Marital status was found to be significantly associated with the difference in the mean rank scores of the three subscales (Table 2). Respondents who were single had the highest mean ranks compared to married and divorced respondents (p<0.001) (adjusted for pairwise comparison) for stress, anxiety, and depression. The education of the respondents was also found to have an association with a difference in the mean ranks for stress (p=0.006) and depression (p=0.002) but not anxiety scores. Respondents who were graduates had the highest mean rank scores, followed by postgraduates and others, for stress and depression. In pairwise comparison for the stress mean rank scores, there was a significant difference in the mean ranks of graduate and postgraduates (adjusted p=0.02) also between graduates and others (adjusted p=0.026), but there was no difference between postgraduates and others. The mean rank score of graduates was significantly higher than the postgraduates for depression (adjusted p=0.001).

Stress, anxiety, and depression differed among different occupations. The mean rank of the respondents working in the public sector was higher than others for stress scores. A significant difference was found between the homemaker and students’ mean ranks with the homemakers having a higher mean rank (adjusted p=0.002) on the stress score.

The mean rank of the students was higher for anxiety when compared to others. Again a significant difference was found between students and homemakers (adjusted p=0.01) with students having a higher mean rank. We found the students had the highest mean rank for the depression score among the different occupations. A significant difference was found in the pairwise comparison between student and homemakers (adjusted p<0.001) with students having a higher mean rank. Respondents who had a past history of mental illness had a higher mean rank for all - stress, anxiety, and depression scores (p<0.001). Table 3 shows the stress, depression, and anxiety across different sociodemographic variables.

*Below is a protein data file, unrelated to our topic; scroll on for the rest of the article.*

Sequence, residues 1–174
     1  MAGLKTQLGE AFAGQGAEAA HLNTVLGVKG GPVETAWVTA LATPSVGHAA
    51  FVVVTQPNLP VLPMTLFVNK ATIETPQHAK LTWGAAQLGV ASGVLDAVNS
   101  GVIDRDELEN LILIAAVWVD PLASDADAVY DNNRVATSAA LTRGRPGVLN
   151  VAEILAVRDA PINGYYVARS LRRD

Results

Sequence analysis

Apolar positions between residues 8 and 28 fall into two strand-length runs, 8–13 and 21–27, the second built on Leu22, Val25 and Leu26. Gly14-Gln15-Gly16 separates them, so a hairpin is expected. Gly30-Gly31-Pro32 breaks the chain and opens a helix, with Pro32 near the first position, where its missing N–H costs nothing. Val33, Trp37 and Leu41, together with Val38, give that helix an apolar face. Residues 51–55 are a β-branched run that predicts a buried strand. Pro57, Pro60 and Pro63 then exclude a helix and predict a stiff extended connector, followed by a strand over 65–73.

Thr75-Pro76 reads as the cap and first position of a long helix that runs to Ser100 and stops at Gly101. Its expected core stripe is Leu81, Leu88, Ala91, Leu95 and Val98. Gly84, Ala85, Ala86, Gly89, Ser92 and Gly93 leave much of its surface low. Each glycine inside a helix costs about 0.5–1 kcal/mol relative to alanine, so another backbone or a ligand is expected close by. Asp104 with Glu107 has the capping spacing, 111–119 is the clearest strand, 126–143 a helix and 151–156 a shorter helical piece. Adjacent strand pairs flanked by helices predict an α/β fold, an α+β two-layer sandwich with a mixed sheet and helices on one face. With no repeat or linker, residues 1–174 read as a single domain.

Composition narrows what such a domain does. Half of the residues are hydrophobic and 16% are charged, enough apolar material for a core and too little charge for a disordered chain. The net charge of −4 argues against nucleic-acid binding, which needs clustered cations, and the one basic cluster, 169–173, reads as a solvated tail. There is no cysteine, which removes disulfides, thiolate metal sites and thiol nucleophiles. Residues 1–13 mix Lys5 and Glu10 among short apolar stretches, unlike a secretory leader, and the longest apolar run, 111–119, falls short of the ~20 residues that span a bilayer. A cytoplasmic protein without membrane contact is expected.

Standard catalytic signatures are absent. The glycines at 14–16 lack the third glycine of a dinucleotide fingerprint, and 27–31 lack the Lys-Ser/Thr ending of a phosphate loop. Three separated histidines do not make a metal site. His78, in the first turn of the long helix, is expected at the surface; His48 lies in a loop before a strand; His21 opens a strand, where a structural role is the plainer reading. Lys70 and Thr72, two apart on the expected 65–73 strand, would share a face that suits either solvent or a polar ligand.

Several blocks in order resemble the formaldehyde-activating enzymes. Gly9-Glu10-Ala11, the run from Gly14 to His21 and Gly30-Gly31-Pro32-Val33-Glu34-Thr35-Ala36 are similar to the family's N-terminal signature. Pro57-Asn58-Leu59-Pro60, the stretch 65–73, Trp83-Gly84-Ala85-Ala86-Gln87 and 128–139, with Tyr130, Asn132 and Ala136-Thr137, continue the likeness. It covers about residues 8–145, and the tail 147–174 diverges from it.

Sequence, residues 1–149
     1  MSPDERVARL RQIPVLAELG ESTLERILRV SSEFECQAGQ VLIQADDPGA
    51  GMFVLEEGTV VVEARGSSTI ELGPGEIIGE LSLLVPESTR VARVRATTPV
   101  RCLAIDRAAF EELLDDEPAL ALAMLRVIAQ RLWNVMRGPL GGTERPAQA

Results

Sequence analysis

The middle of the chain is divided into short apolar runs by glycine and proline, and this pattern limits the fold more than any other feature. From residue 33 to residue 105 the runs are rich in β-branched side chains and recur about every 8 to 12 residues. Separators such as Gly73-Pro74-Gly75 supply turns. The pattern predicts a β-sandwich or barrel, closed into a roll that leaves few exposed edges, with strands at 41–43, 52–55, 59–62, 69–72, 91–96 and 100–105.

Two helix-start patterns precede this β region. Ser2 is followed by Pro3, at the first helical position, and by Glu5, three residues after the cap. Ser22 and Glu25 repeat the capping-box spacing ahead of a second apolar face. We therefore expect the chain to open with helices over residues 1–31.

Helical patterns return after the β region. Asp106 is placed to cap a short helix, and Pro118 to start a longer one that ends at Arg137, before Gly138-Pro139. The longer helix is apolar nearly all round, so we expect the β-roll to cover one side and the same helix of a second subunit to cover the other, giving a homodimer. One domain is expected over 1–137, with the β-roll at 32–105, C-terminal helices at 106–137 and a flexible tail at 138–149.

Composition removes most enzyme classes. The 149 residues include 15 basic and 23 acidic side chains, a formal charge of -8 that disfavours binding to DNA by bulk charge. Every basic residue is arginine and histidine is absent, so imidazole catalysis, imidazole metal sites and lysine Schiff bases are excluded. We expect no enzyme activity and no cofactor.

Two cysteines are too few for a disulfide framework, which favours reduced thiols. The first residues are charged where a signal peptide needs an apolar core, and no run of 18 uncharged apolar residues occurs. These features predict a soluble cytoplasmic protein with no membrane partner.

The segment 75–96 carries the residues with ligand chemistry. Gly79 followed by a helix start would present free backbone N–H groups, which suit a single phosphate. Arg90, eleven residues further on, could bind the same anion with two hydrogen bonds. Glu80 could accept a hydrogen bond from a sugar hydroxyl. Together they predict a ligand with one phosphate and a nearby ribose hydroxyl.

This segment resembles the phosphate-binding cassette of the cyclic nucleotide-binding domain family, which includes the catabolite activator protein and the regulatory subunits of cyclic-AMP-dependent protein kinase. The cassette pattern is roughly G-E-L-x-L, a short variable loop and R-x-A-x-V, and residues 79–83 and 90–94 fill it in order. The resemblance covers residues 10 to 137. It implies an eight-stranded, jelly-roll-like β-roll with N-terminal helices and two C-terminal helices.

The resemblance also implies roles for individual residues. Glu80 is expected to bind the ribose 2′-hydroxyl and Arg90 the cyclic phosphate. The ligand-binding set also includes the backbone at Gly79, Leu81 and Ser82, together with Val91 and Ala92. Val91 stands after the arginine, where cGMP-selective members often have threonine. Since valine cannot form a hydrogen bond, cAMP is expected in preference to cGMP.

Respondents who were taking the help of telemedicine for their past illness were found to have a significantly higher mean rank for anxiety when compared to those who were self-medicating or not taking any medicine (p=0.002).

Table 3: Stress, depression, and anxiety across different sociodemographic variables

Sociodemographic variables

n

Stress

Anxiety

Depression

Mean rank

Kruskal-Wallis chi-square

p

Mean rank

Kruskal-Wallis chi-square

p

Mean

rank

Kruskal-Wallis chi-square

p

Marital status

Single

238

236.75

23.89

<0.001

231.49

18.95

<0.001

243.58

39.25

<0.001

Married

171

177.92

180.98

169.10

Divorced

13

190.92

246.88

182

Family type

Nuclear

306

216.11

2.27

0.32

216.04

2.08

0.353

217.39

2.95

0.228

Extended

19

219.97

216.82

183.05

Joint

97

195.29

196.13